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"what's So Charming About Prince Charming?" (an Examination of the Character of Prince Charming and the Power Play That Exists Between Him and His Damsel in Distress as Found in the Fairy Tales Written by the Brothers Grimm)

Autor:   •  July 29, 2012  •  Essay  •  1,999 Words (8 Pages)  •  700 Views

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Our hero stands over the evil stepmother’s (who was also, incidentally, a witch) body. She’s dead- the spear protruding directly upward from her gut is evidence of that. And so are the rest of the people in the dining hall, regardless of whether or not there is something protruding from their bodies. The magnificent dining hall is magnificent in its complete disarray. Plates are smashed, food is ruined, and, at the very center of the room like a very literal and very red (it wasn’t all blood; she was wearing a red dress) bull’s eye, the hostess is impaled. The hero’s helmet hits the floor with a crash that echoes defiantly throughout the empty hall. A laughter as much from uncertainty as joy rings through the air as our hero lets her golden hair fall freely beyond her shoulders. “That’ll teach you to mess with me,” she says to no one and everyone in particular. “My lady!” Quick and heavy footsteps announce the flustered arrival of the young man clad in armor who has just entered the room. “I’ve come to…” he begins, before the sight of the horrific destruction silences him. “Save it, handsome. I’ve no need for you whoever the hell you are and wherever you’re from,” our hero says with not a little sarcasm. She walks past the now-distressed young man before walking out the door into the sunset-illuminated world. And she lived happily ever after.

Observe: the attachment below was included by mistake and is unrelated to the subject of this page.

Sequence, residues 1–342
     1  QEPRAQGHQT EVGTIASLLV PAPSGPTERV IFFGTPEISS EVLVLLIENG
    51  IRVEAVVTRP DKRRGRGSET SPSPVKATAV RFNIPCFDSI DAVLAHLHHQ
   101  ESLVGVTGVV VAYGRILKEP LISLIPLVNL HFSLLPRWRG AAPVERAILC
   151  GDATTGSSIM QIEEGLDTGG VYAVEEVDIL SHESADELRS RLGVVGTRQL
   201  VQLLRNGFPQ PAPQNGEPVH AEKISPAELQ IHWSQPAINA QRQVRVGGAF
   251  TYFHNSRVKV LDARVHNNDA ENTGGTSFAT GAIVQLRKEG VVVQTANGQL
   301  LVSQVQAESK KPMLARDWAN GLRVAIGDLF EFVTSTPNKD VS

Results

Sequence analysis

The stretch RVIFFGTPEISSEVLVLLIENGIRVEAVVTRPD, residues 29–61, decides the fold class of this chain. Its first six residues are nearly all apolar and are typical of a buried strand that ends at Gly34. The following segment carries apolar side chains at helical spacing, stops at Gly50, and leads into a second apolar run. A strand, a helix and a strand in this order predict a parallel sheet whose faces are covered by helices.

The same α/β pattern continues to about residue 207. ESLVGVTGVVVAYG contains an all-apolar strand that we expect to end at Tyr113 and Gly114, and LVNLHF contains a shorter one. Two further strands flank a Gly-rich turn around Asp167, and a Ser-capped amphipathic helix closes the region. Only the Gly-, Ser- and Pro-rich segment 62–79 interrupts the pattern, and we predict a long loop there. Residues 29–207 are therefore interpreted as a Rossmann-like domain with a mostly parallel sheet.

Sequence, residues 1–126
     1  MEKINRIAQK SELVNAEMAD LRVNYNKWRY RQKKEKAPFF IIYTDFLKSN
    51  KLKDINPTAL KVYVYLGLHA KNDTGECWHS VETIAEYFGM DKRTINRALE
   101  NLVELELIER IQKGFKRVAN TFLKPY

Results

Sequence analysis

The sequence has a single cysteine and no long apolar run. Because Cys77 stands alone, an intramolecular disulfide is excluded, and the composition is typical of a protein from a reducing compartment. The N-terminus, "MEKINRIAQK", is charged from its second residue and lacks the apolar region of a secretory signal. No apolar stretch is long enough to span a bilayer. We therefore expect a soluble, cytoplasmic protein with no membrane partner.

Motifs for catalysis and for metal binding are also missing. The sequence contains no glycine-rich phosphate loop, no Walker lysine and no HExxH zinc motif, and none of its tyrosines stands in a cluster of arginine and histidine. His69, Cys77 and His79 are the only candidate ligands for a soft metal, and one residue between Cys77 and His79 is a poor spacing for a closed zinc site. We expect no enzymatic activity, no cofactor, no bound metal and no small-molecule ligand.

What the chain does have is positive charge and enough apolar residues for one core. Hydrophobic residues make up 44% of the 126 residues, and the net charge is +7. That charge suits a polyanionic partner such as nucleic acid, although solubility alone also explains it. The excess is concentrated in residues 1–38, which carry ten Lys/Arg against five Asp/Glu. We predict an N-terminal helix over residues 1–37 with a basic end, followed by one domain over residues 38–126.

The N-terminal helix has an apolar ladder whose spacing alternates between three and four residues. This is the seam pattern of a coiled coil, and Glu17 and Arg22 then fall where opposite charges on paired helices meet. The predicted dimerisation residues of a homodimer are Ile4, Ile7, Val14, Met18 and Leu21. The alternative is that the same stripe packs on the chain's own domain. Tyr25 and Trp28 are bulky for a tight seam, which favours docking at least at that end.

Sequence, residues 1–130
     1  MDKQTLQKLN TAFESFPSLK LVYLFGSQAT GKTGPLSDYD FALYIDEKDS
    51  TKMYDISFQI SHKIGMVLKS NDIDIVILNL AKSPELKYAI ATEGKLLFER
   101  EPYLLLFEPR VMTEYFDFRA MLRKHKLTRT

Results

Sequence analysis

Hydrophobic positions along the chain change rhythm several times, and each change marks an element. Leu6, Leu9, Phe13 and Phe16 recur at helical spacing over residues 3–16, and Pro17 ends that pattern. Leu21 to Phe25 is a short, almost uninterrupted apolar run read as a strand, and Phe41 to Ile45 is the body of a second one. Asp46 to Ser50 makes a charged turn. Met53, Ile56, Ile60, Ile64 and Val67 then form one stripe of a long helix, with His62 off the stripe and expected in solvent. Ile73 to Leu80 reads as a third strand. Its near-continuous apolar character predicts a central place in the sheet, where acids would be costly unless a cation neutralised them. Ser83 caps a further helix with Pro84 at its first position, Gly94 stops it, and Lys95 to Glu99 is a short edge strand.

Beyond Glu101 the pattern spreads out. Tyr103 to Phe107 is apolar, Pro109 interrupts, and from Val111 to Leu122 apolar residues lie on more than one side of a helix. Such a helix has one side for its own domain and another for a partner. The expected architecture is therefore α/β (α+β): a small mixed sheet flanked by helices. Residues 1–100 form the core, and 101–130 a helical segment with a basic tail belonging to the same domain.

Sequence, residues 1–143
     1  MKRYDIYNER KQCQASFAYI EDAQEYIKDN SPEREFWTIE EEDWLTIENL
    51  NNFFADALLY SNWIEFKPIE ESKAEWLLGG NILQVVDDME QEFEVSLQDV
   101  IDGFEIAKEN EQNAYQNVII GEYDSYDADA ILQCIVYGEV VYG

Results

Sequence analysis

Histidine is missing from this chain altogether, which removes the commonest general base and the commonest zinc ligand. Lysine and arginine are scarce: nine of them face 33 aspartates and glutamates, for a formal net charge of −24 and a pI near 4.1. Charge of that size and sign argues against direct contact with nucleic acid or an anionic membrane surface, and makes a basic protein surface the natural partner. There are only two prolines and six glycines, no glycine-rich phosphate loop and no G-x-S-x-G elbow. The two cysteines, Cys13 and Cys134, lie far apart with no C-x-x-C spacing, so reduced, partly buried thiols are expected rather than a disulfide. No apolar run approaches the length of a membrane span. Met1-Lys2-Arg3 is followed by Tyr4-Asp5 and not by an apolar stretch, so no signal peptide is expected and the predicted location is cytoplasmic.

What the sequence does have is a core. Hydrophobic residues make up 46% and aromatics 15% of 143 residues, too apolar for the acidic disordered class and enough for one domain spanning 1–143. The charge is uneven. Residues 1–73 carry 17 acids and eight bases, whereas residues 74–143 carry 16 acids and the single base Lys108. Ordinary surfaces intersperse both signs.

I could claim that what I have written is a fairy tale and most people would agree as long as I placed the word “modern” before the phrase “fairy tale”. It seems to me that most people are willing to accept that a story that features a decidedly medieval setting, an undeserved evil preying upon the protagonist who is a person of moral integrity and of not a little inaction, the presence of the supernatural (hence the fairy in “fairy tale), and an intervention through a character of equal moral integrity, inexplicably good luck, or hitherto undemonstrated cunning that resolves all of the protagonist’s problems is a fairy tale. However, if any of the factors or qualities I have just mentioned are drastically altered or, worse, omitted, then it seems that the tale’s status as a classical fairy tale is jeopardized. This paper will narrow its focus to the presence of one of these factors and the accompanying reasons as to why it is viewed as an integral component of classical fairy tales in the broad and popular of them. When violated, the word modern or any of its applicable synonyms is immediately used as an adjective or disclaimer. Doubtlessly, casual readers and devoted critics alike need a control variable and a more or less universal concept of a traditional or classical fairy tale serves that purpose. For the purposes of this paper, the definition of what a classical fairy tale is will be limited to its version as found in the writings of the Brother Grimm. Other versions of the fairy tales included in the works of the Brothers Grimm will be considered

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